401k looking lackluster? Is your pension or social security just not hacking it? Odds are that skyrocketing healthcare costs and living expenses aren't leaving much left over each month... and won't leave you anything to pass on to your children. Every investor needs a set of stocks so reliable that they can buy them today and hold them for the rest of their life... one that's returned 45% gains to shareholders the past two years and turned every 100k into a HALF-MILLION dollars in the last decade. Click here to access your 7 "Set & Forget" Legacy Assets NOW.
Public Service Enterprise (NYSE: PEG) is up 3.7% so far in October and accounts for 2.5% of the fund’s assets. The regulated utility provides power and services through the mid-Atlantic and Northeast with service across 75% of New Jersey.
Public Service Enterprise is more highly diversified than most utilities with an energy investment firm alongside the regulated energy infrastructure. The traditional utility segment provides cash flow to make opportunistic investments in clean energy projects for upside potential you don’t see in pure-play utility companies.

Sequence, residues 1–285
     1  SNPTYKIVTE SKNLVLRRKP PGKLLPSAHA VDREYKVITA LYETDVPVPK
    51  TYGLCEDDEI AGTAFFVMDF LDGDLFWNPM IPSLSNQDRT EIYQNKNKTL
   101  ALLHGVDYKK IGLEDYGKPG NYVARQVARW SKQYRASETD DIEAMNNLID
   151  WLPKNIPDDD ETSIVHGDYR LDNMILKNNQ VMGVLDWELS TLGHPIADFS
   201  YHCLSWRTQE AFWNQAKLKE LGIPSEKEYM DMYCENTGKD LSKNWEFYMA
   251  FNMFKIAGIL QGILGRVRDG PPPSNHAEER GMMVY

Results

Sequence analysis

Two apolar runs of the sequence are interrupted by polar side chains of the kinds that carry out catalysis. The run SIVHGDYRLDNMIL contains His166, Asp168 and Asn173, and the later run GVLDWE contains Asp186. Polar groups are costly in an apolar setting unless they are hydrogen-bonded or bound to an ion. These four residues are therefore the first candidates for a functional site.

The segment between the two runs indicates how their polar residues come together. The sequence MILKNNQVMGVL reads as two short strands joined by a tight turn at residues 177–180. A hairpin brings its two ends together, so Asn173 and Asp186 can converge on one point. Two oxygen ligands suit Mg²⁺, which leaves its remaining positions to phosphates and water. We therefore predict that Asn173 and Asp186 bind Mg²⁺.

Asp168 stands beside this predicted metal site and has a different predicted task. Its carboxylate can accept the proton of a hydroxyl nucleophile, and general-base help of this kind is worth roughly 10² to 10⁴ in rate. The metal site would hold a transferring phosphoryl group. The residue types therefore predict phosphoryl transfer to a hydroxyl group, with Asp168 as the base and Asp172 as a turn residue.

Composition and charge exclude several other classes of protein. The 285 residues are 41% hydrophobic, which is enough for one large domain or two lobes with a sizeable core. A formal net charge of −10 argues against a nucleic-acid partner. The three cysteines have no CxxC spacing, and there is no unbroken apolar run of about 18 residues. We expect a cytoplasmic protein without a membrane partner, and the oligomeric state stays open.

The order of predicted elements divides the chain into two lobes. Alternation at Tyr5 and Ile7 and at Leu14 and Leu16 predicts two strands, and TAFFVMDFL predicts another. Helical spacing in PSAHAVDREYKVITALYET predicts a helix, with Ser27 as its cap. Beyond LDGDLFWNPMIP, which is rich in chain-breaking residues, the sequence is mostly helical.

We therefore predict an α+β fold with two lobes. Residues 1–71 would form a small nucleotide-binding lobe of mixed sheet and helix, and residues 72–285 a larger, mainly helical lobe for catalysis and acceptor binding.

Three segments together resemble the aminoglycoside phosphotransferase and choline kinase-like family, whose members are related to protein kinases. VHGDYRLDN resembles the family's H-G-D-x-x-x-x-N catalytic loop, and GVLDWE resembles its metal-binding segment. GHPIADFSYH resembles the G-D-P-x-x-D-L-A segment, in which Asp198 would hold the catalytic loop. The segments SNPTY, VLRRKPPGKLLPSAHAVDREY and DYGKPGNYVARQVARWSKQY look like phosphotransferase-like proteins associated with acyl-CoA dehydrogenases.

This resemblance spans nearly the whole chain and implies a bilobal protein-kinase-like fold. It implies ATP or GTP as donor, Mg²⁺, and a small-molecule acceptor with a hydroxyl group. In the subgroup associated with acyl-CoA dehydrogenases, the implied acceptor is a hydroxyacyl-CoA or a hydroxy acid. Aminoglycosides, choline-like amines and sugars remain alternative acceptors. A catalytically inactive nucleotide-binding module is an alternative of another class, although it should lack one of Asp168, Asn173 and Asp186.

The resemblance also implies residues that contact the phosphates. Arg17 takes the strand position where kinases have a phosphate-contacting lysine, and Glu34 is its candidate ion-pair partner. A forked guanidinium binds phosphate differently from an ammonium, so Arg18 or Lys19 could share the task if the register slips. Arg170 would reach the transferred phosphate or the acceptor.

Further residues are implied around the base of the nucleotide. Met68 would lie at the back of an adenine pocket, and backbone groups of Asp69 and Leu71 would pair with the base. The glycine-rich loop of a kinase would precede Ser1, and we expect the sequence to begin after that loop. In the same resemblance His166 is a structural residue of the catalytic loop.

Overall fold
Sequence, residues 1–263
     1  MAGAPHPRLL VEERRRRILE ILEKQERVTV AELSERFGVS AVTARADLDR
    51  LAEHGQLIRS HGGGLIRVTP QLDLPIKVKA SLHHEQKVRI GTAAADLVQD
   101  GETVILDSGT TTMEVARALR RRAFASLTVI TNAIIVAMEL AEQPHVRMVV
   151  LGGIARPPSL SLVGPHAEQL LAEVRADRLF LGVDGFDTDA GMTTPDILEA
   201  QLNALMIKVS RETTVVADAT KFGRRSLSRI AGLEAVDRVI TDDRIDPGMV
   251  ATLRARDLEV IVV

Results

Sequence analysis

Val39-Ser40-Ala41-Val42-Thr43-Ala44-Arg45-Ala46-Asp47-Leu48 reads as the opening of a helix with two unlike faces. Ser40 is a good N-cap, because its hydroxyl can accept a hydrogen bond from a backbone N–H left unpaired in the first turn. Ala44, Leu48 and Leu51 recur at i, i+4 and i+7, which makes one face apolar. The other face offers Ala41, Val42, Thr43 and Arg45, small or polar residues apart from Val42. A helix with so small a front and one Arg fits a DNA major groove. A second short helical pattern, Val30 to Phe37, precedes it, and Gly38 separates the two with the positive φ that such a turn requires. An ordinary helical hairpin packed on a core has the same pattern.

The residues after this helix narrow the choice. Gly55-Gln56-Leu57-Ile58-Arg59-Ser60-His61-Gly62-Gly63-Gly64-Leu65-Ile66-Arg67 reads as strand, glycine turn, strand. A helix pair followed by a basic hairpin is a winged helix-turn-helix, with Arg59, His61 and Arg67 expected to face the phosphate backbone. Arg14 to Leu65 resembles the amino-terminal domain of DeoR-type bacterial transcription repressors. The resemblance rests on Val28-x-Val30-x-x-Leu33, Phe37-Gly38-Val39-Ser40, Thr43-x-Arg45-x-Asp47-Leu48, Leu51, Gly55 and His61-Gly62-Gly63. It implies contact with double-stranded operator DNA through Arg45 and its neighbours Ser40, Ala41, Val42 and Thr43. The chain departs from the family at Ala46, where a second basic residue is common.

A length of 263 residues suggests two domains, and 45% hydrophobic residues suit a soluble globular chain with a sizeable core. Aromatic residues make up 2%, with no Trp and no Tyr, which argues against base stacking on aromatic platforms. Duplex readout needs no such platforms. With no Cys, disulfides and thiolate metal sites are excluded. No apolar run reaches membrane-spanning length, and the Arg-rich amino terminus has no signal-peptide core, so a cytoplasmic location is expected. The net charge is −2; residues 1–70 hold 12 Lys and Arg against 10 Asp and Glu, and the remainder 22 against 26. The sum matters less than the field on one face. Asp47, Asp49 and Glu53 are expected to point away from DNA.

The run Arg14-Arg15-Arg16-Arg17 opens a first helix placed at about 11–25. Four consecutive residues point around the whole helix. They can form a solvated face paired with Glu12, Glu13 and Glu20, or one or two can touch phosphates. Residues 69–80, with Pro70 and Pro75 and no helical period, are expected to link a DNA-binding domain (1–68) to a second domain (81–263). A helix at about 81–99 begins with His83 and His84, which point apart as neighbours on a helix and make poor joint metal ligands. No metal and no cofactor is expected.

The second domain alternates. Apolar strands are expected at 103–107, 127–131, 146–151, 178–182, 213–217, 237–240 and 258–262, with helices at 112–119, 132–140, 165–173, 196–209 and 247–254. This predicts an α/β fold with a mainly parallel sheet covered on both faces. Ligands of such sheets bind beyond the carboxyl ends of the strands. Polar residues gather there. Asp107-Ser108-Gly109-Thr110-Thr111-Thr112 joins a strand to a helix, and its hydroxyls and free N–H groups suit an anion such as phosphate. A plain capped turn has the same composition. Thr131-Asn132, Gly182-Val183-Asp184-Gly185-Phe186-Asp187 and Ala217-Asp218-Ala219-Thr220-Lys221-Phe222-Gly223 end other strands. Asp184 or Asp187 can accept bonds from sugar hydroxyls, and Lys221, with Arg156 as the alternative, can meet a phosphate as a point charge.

The company recently reached a rate agreement in New Jersey that was marginally higher than expected. Shares pay a 3.3% yield and trade for 18.3 times trailing earnings.
Risks To Consider: Low-volatility, non-cyclical stocks may underperform if the market comes roaring back for gains. Watch for signs that market weakness is turning to strength to position for growth again.
Action To Take: Position in low-volatility, typically non-cyclical stocks to ride out the weakness in investor sentiment and stock prices to keep from panicking and making bad investment decisions.